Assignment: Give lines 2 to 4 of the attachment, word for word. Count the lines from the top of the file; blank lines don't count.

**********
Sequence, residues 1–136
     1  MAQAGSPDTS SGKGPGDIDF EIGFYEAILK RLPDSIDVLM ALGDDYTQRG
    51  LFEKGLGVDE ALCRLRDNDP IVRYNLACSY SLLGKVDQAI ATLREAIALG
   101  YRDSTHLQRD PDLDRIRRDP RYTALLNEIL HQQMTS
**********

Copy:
     1  MAQAGSPDTS SGKGPGDIDF EIGFYEAILK RLPDSIDVLM ALGDDYTQRG
    51  LFEKGLGVDE ALCRLRDNDP IVRYNLACSY SLLGKVDQAI ATLREAIALG
   101  YRDSTHLQRD PDLDRIRRDP RYTALLNEIL HQQMTS